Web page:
Student - Private Pilot Ground School
—by Rod Machado
First, a Little Theory
In our class on slow flight, I showed you how, in order to maintain
sufficient lift for flight, the wing's angle of attack increased as the
airspeed decreased. Perhaps you've wondered if there is a limit to how much
the angle of attack could increase. After all, common sense suggests there are
limits to all things. The ancient Egyptians had common-sense limits,
especially regarding the size of pyramids they could build (I think this is
known as Tutankh-common sense). Wings have limits, too.
A pilot's job is to work the four forces, maintain lift, and avoid the
burbling air condition that results in a stall. As I mentioned in a previous
lesson, this kind of stalling has nothing to do with the engine stopping.
Air begins to burble over the top of the wing when the wing reaches a large
angle of attack (about 18 degrees for most airplanes). This burbling disrupts
the flow of air over the wing, interfering with lift and causing a stall. The
angle at which the air begins burbling followed by the wings stalling is known
as the critical angle of attack.
Okay, here comes an idea that's like the biggest fish you ever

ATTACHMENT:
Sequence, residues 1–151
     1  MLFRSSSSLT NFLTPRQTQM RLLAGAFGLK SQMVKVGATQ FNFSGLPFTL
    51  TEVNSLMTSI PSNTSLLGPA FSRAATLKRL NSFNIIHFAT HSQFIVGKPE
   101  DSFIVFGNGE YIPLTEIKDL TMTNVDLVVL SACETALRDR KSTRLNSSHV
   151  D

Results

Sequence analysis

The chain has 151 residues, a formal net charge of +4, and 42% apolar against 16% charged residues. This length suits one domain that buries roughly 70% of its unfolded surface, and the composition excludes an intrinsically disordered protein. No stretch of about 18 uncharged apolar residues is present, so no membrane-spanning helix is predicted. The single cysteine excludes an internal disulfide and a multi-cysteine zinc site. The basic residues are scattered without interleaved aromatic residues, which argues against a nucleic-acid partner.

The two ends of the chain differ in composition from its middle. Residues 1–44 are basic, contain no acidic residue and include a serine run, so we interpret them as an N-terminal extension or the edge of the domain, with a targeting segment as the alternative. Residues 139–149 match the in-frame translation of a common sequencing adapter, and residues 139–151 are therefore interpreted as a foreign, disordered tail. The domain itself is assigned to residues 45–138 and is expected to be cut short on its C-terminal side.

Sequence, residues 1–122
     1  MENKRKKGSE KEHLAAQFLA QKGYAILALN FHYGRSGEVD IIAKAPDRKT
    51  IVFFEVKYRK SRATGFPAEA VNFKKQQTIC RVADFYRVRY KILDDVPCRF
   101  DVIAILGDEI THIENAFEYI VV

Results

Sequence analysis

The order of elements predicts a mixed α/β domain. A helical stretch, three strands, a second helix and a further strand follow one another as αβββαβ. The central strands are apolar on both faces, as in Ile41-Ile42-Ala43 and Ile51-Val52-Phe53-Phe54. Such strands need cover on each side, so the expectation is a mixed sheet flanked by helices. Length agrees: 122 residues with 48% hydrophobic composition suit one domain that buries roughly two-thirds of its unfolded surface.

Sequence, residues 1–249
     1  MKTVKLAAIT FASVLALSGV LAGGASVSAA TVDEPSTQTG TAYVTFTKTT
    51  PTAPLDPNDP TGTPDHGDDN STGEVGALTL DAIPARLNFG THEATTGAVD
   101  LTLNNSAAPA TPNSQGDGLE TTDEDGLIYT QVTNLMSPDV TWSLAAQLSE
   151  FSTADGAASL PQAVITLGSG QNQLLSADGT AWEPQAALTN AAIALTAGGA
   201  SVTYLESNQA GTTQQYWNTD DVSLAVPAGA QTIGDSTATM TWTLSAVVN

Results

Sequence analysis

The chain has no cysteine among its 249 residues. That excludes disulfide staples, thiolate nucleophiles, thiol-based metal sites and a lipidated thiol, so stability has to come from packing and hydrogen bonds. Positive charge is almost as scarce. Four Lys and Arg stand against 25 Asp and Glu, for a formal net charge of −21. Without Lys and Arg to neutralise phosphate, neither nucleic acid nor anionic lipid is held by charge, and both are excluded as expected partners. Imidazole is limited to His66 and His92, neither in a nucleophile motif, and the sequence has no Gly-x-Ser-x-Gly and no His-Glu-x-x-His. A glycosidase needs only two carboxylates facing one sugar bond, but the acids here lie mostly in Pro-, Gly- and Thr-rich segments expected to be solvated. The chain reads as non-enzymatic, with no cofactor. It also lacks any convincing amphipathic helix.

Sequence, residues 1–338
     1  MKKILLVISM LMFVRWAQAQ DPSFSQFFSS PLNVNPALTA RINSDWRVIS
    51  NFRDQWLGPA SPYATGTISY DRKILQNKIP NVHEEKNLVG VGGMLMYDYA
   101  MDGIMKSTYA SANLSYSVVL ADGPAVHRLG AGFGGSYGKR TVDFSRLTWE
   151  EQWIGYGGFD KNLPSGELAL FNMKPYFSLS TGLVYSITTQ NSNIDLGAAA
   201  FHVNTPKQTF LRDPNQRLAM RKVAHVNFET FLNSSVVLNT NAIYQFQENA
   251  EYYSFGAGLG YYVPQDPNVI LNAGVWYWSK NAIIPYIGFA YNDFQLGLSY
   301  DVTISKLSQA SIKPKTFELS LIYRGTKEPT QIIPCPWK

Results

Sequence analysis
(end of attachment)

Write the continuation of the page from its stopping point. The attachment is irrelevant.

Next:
caught—it's a real keeper. Since wings always stall when they exceed the
critical angle of attack, you can recover from the stall by decreasing the
angle of attack to less than the critical value. Everybody got that? Repeat it
to yourselves 10 times, fast.
Stall, Angle of Attack, and How the Nose Knows
To get a handle on how a stall happens, think of air molecules as little
race cars moving over the wing (Figure 1-1).
Figure 1-1 Angle of Attack.
Each car (and air molecule) has one objective: To follow the curve over the
wing's upper cambered surface. Of course, if the wing is at a low angle of
attack, the curve is not sharp, and it's a pretty easy trip (Figure 1-1).
But look at the curve made by these cars and air molecules when the wing is
attacking the wind at a large angle. As the angle of attack exceeds
approximately 18 degrees (known as the critical angle of attack for reasons you
will soon see), these speed-racer air molecules can't negotiate the turn (Figure
When this happens, they spin off, or burble, into the free air, no longer
providing a uniform, high-velocity, laminar airflow over the wing (Figure 1-2).
The wing stalls.
Figure 1-2 A Wing that is Stalled..
Remember, according to Jacob Bernoulli, lower-velocity airflow over the wing
produces less lift. There is still impact lift provided by air molecules
striking the underside of the wing, but we've already learned this doesn't
provide nearly enough lift to sustain the airplane. When there's less lift than
weight, bad things happen to good airplanes. The wing goes on strike and stalls.
Abandoned by Bernoulli, gravity summons the airplane to earth on its own terms.